Simultaneously, Cuomo has taken positions on abortion and guns that fit with generally liberal New York, but which put him well outside the mainstream of public opinion nationwide. After the legislature passed some of the most sweeping pro-abortion legislation in the country, Cuomo directed that One World Trade Center be lit up in lurid pink. He has also seldom met a gun-grabbing initiative he didn’t like. And while flirting with his own presidential candidacy in mid-2018, Cuomo artlessly attempted to embrace wokeness, declaring that ‘America was never that great’. These stances and statements would hardly play well in the states of the upper Midwest come November.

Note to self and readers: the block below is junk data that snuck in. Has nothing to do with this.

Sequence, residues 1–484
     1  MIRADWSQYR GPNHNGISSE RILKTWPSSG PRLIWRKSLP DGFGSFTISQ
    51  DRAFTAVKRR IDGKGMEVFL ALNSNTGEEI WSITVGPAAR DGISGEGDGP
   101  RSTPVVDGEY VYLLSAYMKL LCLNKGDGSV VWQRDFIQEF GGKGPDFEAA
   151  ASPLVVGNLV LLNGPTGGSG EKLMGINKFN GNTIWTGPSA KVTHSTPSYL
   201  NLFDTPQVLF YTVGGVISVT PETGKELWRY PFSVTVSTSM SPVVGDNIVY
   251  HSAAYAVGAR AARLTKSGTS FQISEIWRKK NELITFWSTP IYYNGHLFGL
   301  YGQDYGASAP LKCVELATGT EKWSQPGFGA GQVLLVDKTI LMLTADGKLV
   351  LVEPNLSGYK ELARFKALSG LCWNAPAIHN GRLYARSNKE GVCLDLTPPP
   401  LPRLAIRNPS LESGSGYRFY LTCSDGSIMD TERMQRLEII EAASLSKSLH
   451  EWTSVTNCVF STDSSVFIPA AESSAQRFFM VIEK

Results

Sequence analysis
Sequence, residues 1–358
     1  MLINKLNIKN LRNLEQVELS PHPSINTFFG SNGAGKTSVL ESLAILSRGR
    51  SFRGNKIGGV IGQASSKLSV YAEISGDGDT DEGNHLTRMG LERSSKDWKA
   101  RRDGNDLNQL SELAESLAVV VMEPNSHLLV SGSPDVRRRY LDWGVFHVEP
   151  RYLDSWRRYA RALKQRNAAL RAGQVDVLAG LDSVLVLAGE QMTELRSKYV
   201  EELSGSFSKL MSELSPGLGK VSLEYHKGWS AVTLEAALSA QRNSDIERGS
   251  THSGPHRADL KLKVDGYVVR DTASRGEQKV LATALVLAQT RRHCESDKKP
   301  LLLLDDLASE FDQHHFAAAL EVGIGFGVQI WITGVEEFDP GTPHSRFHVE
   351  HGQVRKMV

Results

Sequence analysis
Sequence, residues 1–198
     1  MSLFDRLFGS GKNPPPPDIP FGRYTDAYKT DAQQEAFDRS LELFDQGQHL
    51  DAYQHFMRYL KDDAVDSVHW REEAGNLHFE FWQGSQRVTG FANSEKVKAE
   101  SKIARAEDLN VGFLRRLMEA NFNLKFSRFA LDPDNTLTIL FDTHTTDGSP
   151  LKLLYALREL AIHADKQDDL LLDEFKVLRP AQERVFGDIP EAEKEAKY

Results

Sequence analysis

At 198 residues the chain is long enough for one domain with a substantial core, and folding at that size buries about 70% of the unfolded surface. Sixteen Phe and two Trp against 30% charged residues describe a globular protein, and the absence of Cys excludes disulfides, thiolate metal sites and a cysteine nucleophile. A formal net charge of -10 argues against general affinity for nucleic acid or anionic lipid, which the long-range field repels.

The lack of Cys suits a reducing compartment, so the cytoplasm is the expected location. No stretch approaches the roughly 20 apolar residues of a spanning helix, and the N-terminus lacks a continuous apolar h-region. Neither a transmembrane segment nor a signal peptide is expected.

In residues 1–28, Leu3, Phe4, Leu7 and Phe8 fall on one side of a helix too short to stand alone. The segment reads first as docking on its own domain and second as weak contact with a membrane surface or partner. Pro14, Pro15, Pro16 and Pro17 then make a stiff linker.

Finally, Cuomo does not enjoy Biden’s deep and abiding support among black voters, the key constituency in the Democratic primary so far, and the bloc Democrats most need to mobilize if they want to win in November. Biden unambiguously owes his nomination to black voters. To remove him and replace him with Cuomo would negate the power of black Democrats to select the party’s nominee at the ballot box — a dubious thing to do under any circumstances. Cuomo does not do poorly with the black vote, but he is not significantly above any number of the other national-level Democrats who actually ran for president.

Our New York-centric media loves to prop up politicians from the tristate area.